One of the biggest trends in tech has been the boom in home protection and automation systems. A prediction of growth in smart locks alone may reach a value of $3.6 billion by 2019 (that’s 13 times the value today). Mainstreaming smart home systems is growing in popularity worldwide; and are particularly appealing to those with busy schedules keeping them out of the house. However, just because this new technology is saturating the market doesn’t guarantee it’s the best or safest option for everyone.
One of the biggest draws seem to be the compatibility with smart phones. You’ve probably seen the commercials where a man or woman is sitting on a beach in a seemingly far-off tropical locale, or in an airplane that’s about to take off, when their spouse asks them, “You remembered to lock the back door, right?” (or something to that effect); and then they pull out their smartphone to double check and secure their entire home from the comfort of an app. It’s a total game-changer and lends the feeling of security even when far from your physical property.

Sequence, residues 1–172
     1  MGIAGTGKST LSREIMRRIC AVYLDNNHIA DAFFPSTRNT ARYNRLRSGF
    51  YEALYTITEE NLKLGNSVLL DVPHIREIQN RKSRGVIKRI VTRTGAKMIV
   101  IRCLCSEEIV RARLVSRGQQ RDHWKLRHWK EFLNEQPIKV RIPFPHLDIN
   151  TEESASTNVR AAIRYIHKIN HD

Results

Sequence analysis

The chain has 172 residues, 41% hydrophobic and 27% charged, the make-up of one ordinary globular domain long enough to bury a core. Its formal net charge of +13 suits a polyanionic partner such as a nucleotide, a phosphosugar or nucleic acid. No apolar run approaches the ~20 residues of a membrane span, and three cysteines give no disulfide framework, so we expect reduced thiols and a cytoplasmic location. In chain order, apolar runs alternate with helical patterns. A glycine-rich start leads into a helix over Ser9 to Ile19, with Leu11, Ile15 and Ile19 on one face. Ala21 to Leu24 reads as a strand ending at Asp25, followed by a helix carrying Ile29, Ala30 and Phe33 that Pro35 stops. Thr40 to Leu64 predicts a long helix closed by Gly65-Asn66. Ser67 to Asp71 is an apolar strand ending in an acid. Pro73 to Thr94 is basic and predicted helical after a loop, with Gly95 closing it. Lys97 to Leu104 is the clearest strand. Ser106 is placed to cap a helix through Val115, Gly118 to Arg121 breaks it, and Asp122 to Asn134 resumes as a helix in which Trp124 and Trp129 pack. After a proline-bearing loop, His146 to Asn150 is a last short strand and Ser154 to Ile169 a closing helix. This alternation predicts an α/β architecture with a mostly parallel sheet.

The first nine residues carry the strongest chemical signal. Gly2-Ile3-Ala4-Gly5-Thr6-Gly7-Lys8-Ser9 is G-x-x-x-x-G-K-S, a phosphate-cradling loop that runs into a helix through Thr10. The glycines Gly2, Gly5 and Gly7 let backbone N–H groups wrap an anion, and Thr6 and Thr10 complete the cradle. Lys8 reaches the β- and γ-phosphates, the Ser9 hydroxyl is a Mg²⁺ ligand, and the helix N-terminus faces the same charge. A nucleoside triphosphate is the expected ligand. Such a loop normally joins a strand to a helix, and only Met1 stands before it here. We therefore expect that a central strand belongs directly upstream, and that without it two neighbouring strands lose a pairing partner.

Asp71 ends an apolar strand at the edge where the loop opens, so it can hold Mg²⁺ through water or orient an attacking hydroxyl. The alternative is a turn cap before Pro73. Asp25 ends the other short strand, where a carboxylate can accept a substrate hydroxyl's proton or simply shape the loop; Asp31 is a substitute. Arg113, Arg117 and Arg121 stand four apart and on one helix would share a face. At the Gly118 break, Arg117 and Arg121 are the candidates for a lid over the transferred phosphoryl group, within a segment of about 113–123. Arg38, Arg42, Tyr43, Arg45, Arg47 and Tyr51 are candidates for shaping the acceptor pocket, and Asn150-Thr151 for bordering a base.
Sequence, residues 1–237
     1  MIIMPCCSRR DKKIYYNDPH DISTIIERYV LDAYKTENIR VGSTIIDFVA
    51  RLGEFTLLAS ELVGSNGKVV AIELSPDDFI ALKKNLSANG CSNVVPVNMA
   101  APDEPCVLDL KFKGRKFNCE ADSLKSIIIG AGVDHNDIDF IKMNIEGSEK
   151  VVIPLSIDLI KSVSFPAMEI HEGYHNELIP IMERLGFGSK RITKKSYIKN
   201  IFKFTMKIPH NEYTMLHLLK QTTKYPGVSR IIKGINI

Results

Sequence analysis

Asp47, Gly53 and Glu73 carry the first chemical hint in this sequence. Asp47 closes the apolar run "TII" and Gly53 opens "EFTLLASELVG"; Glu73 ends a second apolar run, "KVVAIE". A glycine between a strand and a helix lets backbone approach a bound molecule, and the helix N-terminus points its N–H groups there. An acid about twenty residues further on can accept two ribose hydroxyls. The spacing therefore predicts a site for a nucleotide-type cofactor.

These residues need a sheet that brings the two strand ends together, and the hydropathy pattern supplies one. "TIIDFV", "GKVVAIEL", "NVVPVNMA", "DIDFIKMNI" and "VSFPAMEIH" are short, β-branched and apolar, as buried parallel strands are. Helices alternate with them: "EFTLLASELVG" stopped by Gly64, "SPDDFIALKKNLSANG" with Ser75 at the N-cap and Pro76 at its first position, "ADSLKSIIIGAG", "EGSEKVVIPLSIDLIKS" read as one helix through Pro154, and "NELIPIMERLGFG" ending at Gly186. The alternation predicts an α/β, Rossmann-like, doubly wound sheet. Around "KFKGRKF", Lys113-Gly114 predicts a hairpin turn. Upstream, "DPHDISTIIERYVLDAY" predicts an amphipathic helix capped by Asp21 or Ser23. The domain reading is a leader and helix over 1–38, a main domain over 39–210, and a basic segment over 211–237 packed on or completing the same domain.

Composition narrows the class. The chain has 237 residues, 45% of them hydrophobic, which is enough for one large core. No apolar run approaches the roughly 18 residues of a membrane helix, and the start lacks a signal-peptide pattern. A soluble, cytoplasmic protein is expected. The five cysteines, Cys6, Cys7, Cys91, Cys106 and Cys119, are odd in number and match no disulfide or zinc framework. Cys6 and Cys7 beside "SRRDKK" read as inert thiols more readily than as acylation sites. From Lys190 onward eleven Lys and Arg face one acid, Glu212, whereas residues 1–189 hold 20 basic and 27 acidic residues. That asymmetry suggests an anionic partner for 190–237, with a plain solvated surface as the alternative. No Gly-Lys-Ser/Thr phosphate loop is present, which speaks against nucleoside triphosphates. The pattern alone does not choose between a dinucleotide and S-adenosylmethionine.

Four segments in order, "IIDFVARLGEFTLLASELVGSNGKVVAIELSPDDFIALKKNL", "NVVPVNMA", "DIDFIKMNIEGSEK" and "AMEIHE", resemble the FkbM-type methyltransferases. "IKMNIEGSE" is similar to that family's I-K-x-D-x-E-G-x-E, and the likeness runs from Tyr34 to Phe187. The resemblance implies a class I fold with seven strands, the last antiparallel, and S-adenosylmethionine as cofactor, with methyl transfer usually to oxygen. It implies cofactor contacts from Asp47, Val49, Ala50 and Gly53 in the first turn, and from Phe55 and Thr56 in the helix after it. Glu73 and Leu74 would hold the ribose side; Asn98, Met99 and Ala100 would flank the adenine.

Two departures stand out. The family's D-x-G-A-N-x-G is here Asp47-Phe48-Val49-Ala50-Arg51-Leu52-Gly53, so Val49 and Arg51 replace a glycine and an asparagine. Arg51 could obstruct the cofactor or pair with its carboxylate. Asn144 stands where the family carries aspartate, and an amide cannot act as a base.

Many current smart locks and home security systems also come with camera capabilities or add-ons. You can receive a notification on your phone anytime your camera thinks it sees a person in your yard. Or, can let you check in on your pet, see who is at your front door, or even check in on the monthly cleaners. Other great capabilities are the access to your lights and thermostat. One of the biggest players in the smart home game, the "Nest" system, can connect to smart lights and allows you turn off your bedroom lights from your phone while you’re in bed (or mid-commute when you realize you left the living room lights on). Better yet, you can blast the heat when you’re about to step in the shower so the house is nice and toasty when you get out.
Unfortunately, there are still huge drawbacks to all these new systems. One of the biggest being that sometimes technology fails. There have been some reports that certain systems don’t always work with deadbolts. Also, installing a smart lock on one door just means that’s the door you have access to when you’re out on that faraway sandy beach and wondering if your house is secure. Things can get pretty pricey, pretty fast when you start installing smart tech all over your home. Additionally, and quite possibly most notable, is that some of this new technology can be fairly easy to hack. Not something you want to hear when the supposed upgrade really just makes you more vulnerable.
The biggest advice we have is to do your homework. Decide what types or features of home security you’re really after and focus your inquiry on safety and security. You can weigh the pros and cons all day but in this new industry, thorough research is king.
Read more on this topic here: Smart Locks 101: Pros and Cons to Know